Late last year, the National Association of Manufacturers (NAM) released a report on the state of U.S. manufacturing that would surprise many people. In contrast to the bleak picture so often portrayed on TV and in newspapers, The Facts About Modern Manufacturing reveals a globally dominant industry that's contributing significantly to America's success.

“Manufacturing output in America is at an all-time high, playing a central role in our economy,” says John Engler, president of NAM. “If it existed on its own, U.S. manufacturing would be the eighth largest economy in the world.”

“All too often, the perception is that American manufacturing's heyday is in the past, but nothing could be further from the truth,” adds Jerry Jasinowski, president of the Manufacturing Institute, NAM's research and education arm. “The facts show that manufacturing drives economic growth, productivity, and innovation in the U.S., and will continue to do so for years to come.”

One way that the report establishes the importance, and strength, of U.S. manufacturing is by comparing it with other market sectors in terms of influence on Gross Domestic Product. Between 2001 and 2005, manufacturing accounted for 15 percent of U.S. economic growth — real GDP adjusted for inflation — ranking highest among all sectors. In 2005 alone, manufacturing contributed $1.5 trillion to the GDP and continues to grow faster than the overall economy.

What's fueling this amazing trend, the report suggests, is productivity. Over the past decade, manufacturing productivity more than doubled. Since 1987, it's up 94 percent, far outpacing the 38 percent increase in the rest of the business sector.

Today, more goods are made in America than at any other time in U.S. history. The casual observer may equate this to widgets per minute, but in the big picture, productivity is measured in wages and benefit compensation. In the words of Federal Reserve Chairman Ben Bernanke, productivity growth is “perhaps the single most important determinant of average living standards.” And the readers of Motion System Design can take credit for their role in helping the cause.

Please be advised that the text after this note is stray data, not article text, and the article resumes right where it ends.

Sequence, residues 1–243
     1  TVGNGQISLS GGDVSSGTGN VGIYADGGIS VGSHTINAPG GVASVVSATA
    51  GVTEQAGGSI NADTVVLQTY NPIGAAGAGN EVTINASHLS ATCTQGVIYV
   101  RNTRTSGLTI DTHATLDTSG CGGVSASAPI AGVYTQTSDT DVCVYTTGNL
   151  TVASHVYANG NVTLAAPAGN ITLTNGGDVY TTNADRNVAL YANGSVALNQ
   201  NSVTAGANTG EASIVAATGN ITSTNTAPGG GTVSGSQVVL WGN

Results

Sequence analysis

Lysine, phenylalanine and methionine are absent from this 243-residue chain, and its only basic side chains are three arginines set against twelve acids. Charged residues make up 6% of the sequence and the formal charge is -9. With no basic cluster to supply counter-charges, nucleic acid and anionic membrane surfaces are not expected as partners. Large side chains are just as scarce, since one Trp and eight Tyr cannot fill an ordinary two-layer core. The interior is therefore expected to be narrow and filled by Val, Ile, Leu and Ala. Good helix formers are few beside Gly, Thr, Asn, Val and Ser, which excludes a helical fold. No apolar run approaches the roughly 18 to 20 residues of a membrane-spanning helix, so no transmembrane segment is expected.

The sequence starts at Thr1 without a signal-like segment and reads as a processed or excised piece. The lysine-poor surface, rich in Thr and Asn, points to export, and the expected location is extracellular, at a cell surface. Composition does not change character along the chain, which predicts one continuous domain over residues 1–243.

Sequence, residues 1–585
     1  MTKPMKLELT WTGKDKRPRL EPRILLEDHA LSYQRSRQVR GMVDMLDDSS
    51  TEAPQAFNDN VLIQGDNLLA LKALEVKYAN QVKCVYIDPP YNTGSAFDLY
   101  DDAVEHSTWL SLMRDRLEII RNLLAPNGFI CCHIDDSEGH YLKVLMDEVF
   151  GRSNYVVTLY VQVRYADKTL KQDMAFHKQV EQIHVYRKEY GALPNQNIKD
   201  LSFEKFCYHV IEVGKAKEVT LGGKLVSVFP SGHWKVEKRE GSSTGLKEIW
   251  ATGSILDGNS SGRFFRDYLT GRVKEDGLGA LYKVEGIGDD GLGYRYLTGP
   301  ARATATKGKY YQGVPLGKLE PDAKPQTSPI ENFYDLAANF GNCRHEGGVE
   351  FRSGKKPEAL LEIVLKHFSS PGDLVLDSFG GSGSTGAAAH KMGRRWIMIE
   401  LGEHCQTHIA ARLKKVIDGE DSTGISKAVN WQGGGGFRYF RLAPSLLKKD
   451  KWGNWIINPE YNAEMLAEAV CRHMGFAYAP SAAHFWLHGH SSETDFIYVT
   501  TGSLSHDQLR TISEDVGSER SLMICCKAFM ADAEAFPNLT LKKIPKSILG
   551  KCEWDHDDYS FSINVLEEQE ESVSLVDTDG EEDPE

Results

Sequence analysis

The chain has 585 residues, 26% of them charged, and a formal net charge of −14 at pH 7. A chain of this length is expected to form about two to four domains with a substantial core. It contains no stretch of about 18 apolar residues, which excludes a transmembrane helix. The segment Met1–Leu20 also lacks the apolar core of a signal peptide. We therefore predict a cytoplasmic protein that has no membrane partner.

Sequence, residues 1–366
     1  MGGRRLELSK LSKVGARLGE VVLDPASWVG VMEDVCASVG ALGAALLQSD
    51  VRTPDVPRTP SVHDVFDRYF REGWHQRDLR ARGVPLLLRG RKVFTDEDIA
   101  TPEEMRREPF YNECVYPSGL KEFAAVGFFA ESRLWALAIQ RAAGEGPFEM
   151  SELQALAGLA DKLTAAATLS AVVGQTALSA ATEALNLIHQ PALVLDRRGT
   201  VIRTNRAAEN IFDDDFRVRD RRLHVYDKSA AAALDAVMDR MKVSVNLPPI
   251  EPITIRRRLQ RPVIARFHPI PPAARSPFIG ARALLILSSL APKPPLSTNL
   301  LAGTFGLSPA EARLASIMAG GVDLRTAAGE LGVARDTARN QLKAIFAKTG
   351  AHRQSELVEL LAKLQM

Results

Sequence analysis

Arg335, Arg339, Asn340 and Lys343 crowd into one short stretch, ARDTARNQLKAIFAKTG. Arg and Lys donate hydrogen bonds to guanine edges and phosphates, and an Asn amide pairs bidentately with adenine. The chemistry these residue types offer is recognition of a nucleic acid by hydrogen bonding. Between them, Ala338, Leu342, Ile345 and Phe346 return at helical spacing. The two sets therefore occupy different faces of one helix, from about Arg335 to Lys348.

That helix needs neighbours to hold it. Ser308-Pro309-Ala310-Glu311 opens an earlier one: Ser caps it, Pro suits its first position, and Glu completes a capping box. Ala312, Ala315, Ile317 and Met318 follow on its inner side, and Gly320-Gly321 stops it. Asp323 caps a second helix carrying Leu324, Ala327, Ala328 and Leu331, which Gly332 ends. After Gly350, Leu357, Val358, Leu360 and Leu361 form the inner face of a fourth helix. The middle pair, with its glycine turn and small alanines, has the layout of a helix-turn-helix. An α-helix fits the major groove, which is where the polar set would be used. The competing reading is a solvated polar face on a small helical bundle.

Another impressive fact highlighted in the report is that manufactured goods account for more than 60 percent of the products America exports, helping offset the cost of what we buy from abroad. What agricultural exporters bring in each year — about $50 billion — manufacturers take in each month. This is especially weighty in light of the claim by former Federal Reserve Chairman Alan Greenspan that the three sources of original wealth are agriculture, manufacturing, and mining.

Besides its role in producing new wealth, manufacturing activity has a huge multiplier effect on our economy. Each manufacturing dollar generates an additional $1.37 in economic activity. Manufacturing also provides nearly half of all corporate taxes collected by state and local governments, while funding more than 70 percent of the R&D conducted annually in the private sector.

“Some mistakenly believe manufacturing in the U.S. is in decline,” says Dennis Cuneo, senior vice president of Toyota Motor North America, one of the sponsors of the report. “On the contrary, U.S. manufacturing is vibrant and robust. In fact, we believe the U.S. will remain the biggest and most successful manufacturer in the world, and we intend to help it do so by continuing to expand our investment in American manufacturing.”

To get a copy of The Facts About Modern Manufacturing, log on to www.nam.org/facts.

I'd like to hear your views as well. What's your take on the state of U.S. manufacturing, and why do you think it's so often portrayed in a poor light?